In an extraordinary ending to an $85 million Ponzi scheme, a federal judged has ruled that victims of the Church of God fraud will receive 70% of the money returned to them, the Associated Press reports.
Normally in a Ponzi scheme, where money from new investors is used to pay interest to older investors, victims are usually cleaned out entirely.
The amount returned to investors will be almost $60 million, taken from them during the scheme run by the fundraising arm of the Church of God, called the Church Extension. The investor/church members thought they were investing in church construction projects. Instead, they were funding a classic Ponzi operation.
The ruling was made in an Indianapolis federal court, where U.S. District Judge David Hamilton formally ended the case, which began in 2002 when the Securities and Exchange Commission filed suit against the church.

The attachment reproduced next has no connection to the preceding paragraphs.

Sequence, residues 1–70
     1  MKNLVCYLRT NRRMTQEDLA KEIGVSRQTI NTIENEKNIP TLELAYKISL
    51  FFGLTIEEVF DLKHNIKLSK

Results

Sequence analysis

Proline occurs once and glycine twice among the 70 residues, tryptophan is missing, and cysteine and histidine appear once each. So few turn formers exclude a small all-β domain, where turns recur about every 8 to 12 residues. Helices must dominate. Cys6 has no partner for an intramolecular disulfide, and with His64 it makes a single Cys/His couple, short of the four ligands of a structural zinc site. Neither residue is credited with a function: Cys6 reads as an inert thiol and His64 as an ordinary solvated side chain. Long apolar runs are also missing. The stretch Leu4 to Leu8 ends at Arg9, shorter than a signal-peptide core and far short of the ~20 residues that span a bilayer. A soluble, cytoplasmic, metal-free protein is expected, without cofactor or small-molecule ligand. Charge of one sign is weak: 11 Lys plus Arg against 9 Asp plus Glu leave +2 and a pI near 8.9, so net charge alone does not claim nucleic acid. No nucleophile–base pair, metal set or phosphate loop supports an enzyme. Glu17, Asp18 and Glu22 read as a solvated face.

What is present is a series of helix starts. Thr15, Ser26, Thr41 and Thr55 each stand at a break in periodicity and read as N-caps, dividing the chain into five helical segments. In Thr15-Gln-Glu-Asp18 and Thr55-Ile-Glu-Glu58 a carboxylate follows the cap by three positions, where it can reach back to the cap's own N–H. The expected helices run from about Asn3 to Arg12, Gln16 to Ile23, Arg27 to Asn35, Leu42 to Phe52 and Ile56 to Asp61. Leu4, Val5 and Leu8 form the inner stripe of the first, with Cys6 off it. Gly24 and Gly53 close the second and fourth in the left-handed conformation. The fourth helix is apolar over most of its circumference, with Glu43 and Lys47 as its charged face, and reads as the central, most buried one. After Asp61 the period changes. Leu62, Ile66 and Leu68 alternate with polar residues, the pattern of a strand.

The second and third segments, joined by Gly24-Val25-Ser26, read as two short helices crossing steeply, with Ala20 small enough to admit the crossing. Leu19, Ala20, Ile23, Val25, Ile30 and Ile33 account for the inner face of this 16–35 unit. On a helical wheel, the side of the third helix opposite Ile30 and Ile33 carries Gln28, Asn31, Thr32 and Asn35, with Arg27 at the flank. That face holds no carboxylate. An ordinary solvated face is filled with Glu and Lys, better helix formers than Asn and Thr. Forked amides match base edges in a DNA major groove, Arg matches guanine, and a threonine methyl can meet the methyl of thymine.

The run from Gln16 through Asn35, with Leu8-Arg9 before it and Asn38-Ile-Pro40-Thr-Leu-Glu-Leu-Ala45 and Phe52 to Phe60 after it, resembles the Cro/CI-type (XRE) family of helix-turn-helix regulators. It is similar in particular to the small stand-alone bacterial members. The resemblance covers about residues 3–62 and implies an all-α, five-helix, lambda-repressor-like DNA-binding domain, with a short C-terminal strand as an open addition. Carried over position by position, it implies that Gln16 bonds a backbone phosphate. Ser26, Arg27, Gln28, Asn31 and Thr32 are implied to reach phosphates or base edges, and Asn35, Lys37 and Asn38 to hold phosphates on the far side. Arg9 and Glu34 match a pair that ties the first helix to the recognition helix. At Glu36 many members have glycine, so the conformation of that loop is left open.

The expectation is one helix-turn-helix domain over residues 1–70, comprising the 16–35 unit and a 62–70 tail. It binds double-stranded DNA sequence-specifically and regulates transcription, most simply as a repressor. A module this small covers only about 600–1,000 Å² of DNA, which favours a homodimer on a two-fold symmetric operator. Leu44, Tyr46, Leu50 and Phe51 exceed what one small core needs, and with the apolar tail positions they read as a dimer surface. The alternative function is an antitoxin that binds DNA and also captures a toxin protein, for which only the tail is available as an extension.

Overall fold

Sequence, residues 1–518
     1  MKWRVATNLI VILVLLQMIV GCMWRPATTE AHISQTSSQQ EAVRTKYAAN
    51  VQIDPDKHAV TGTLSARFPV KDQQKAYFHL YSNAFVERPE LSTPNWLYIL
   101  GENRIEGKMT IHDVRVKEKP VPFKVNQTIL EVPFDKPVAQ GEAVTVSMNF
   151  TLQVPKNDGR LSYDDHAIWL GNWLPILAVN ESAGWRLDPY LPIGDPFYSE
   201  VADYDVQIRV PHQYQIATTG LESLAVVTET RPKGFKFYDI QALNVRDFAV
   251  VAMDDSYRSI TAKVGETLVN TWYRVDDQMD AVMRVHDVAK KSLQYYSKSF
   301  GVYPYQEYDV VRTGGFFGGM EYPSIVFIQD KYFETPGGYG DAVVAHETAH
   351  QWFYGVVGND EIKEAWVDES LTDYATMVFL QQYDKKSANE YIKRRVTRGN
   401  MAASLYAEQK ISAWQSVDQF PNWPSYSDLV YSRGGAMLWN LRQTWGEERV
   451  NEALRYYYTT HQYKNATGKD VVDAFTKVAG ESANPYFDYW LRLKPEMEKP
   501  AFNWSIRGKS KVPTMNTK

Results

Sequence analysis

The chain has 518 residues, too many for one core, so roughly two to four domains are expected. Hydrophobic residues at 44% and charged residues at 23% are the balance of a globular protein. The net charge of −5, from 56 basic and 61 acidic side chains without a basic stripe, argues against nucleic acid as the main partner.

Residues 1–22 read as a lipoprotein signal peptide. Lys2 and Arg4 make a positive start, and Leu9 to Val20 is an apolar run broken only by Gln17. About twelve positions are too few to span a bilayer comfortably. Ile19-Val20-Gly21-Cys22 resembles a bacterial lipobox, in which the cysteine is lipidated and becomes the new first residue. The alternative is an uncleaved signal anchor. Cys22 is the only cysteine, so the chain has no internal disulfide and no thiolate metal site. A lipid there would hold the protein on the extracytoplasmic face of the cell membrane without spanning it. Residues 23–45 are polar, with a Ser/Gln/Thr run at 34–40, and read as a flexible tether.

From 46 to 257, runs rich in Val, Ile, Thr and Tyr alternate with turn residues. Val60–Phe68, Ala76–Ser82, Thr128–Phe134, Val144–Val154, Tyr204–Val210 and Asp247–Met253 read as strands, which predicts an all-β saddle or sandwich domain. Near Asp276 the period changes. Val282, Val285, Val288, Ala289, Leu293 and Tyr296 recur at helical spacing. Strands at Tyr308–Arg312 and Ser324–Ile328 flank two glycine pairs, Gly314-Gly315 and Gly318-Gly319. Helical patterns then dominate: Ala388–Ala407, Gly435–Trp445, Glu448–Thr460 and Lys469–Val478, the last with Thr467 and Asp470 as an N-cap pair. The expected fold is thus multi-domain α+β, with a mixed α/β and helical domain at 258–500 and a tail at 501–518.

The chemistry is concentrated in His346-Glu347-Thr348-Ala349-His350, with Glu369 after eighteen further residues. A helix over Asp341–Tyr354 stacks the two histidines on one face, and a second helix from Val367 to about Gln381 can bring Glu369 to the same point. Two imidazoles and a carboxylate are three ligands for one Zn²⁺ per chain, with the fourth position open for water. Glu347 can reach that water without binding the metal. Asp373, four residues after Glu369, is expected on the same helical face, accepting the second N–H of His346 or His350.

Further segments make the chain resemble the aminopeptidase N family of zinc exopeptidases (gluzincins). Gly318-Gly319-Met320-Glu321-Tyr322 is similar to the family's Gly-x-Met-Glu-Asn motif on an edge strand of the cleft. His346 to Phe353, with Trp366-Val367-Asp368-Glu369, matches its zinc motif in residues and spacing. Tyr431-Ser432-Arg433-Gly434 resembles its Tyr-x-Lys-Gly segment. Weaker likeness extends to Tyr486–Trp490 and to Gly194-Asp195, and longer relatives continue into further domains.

More than $70 million has been recovered from the liquidation of church assets, and other funding such as private contributions. Part of the $70 million has been used for professional fees, like attorneys.
The Church of God is headquartered in Anderson, Indiana, and has more than 230,000 members nationwide, and more than 2,000 affiliated congregations. The Church established the Church Extension in 1921 to operate its fundraising, along with another Church subsidiary, United Management Services, Inc, an Indiana non-profit corporation.